Rebecca White MP | Labor Member for Lyons

Tasmania's child protection system has a problem. It is designed to intervene only when things get truly terrible for children and young people.

By taking this approach, insufficient emphasis is given to the cumulative harm children can endure over the course of their young lives.

We need to support children and young people sooner, rather than waiting until a threshold is broken or a crime is committed.

The National Framework for Protecting Australia’s Children 2009-2020 says it best — Australia needs to move from seeing “protecting children” merely as a response to abuse and neglect to one of promoting the safety and wellbeing of children.

The national framework clearly states that emphasis must be given to providing good universal services such as health, education and community services so that children can live in safe and supportive families and communities. Tasmania’s Child and Family Centres are perfect examples of places where all children and their families are welcome and where all Tasmanian parents and carers can access information and support from pregnancy onwards.

The early years are critical for the development of attachment and good social, emotional and physical health for all children.

There are many wonderful programs operating in our community to provide solid foundations for Tasmania’s children and their families, such as Pregnant and Young Parent Support, New Parent and Infant Network and Integrated Family Support. They really do change lives.

Despite best efforts and the establishment of the gateway to better co-ordinate services across the state, there are still many children and young people requiring statutory intervention and placement in the out-of-home care system.

Tasmania’s child protection system has been redesigned many times yet vulnerable children and young people still suffer due to its failings.

Human Services Minister Jacquie Petrusma was forced to initiate another review last year following the revelation 151 child protection notifications were ignored on the North-West Coast.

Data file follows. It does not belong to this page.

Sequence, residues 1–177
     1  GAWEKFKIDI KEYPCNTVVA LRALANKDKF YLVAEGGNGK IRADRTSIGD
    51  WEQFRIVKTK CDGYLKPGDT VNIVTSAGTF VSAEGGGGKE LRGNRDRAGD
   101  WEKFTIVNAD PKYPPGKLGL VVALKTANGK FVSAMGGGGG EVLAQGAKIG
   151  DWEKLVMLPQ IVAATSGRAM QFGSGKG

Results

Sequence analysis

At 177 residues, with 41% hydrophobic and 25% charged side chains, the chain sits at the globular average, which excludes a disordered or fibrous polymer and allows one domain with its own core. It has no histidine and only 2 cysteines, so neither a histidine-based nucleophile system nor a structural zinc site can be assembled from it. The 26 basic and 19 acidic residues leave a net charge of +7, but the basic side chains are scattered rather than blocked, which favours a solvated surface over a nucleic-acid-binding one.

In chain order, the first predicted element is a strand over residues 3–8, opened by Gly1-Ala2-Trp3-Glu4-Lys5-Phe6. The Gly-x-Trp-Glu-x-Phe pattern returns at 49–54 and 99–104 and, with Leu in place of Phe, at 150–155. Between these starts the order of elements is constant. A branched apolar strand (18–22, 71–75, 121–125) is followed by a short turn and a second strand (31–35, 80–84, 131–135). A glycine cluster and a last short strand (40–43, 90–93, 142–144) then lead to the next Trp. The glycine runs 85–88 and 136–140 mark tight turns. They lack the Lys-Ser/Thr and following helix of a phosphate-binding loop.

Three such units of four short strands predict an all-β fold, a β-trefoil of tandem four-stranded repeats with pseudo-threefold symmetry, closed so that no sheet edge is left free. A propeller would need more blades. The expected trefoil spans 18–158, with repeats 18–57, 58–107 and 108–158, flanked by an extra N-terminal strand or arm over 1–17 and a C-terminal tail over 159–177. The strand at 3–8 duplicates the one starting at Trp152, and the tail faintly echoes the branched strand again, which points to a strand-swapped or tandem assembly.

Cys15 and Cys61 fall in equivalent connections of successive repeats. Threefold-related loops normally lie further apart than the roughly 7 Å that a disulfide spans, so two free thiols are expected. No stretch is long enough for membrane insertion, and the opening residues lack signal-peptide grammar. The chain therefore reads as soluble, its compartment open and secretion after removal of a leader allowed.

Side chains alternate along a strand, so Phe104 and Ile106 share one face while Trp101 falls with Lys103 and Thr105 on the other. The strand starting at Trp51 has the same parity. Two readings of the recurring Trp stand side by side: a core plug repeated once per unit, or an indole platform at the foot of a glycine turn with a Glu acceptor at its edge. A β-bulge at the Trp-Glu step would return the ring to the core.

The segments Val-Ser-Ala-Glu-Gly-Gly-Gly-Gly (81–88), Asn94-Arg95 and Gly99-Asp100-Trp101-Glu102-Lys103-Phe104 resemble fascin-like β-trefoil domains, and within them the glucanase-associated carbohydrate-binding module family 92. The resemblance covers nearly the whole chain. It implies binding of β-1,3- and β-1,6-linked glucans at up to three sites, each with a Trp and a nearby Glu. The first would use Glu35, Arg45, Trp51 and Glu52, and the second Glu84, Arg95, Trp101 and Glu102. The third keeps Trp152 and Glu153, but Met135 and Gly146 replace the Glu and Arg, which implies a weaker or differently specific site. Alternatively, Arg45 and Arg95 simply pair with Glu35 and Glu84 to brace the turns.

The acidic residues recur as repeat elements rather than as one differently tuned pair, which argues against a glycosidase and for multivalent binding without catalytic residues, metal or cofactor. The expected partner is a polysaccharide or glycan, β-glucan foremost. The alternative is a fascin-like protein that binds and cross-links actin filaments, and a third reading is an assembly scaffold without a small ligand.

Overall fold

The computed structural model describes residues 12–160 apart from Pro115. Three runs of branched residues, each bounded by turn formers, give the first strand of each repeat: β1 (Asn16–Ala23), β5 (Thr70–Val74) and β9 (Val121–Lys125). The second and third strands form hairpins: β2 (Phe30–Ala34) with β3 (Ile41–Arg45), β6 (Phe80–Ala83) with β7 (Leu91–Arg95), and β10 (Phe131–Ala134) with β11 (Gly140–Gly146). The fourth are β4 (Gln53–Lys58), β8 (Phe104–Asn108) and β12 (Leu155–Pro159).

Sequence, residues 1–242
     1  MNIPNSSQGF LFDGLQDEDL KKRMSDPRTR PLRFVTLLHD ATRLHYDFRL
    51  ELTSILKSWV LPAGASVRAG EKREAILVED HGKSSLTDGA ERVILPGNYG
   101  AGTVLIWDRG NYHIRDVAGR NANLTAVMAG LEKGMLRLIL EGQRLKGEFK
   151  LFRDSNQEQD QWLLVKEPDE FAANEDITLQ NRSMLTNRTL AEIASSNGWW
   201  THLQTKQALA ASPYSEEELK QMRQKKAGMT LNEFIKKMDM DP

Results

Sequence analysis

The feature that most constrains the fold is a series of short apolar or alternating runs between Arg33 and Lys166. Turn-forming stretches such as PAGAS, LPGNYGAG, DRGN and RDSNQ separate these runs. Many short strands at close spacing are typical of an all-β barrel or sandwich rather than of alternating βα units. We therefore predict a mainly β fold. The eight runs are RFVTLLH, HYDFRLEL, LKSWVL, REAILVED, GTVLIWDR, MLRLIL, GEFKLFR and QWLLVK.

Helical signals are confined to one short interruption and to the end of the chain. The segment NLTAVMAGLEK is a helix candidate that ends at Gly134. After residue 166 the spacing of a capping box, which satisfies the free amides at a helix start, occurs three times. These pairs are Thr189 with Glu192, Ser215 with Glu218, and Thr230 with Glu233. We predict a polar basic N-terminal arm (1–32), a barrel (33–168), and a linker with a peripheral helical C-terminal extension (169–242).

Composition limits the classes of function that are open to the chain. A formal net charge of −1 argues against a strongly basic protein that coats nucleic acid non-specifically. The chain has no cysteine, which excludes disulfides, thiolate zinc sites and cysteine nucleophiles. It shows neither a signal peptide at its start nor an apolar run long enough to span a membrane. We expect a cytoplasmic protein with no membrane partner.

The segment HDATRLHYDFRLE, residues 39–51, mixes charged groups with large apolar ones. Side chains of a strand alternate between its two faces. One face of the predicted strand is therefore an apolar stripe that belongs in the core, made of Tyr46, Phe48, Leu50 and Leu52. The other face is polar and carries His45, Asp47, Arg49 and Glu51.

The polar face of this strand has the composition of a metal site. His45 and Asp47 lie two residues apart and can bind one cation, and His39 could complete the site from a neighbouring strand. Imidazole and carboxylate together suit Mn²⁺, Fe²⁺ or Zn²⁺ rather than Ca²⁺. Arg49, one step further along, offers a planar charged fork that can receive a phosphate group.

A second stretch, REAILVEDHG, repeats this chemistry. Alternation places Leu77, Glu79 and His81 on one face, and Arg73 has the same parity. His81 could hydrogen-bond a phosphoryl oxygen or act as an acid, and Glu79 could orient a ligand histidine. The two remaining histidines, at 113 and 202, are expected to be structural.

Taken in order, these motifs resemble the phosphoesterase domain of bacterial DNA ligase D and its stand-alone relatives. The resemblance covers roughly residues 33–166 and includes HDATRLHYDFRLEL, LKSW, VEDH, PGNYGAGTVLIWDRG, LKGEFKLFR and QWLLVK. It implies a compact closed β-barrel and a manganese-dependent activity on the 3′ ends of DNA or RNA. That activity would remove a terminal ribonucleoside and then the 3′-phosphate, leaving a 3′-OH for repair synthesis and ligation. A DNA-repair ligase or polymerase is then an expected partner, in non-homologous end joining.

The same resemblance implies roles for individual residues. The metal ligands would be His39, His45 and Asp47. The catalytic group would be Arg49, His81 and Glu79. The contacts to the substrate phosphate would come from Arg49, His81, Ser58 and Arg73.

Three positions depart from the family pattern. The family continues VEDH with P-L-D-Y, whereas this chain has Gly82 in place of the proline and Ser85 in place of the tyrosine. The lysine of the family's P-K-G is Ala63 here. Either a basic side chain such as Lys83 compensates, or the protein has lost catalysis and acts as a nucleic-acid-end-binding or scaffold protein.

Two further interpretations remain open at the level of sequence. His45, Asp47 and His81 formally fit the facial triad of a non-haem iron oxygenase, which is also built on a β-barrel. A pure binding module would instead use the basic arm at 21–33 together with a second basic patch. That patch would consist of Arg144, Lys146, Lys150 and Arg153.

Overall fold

The community outrage over this was justifiably strong and my office was inundated with stories from families across the state who wanted to share their experience with the child protection system.

Since then it has also been revealed that a youth had been provided with a tent by Child Protection Services and left at the Hobart Showgrounds. Excuses were given for why no other accommodation option was available for this young man in the middle of winter and the Minister was quick to blame the youth for having problem behaviours and staff for giving out a tent.

The Government should not get the option to give up on people, but in this instance the Minister did just that. The adolescent in question is now in the youth justice system. These failures in the system bring us back to the need for early intervention to prevent the cumulative harm that can impact a person for their entire life.

There are too many stories of children and young people who touch on the edges of the child protection system but because they don’t quite meet the threshold for intervention their case is closed. These children can become victims of the cumulative harm they suffer through their childhood.

The Government needs to ensure any redesign of the system is able to accommodate the risk to children and young people that arises from cumulative harm. We need a system broad enough to address known risk factors.

Many factors shown to be associated with abuse and neglect are behaviours or characteristics of parents, which can then be the target of population-based strategies and specific interventions.

Information provided by the Health and Human Services Department for 2014-2015 statewide shows alcohol and drug issues for the parent or child were identified as a risk factor in 57 per cent of notifications. Family violence was identified as a risk factor in 63 per cent of notifications and as a primary risk factor in 36 per cent of notifications. Mental health issues for the child or parent were identified as a risk factor in 30 per cent.

Known risk factors should be the base from which a redesigned system considers how it will operate in 2016.

Obviously, the child protection system cannot do this alone. It will require a cross agency effort to reduce known risk factors and protect children from harm.

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Rebecca White

Authorised by Lindsay White, 276 Masons Road, Nugent, 7172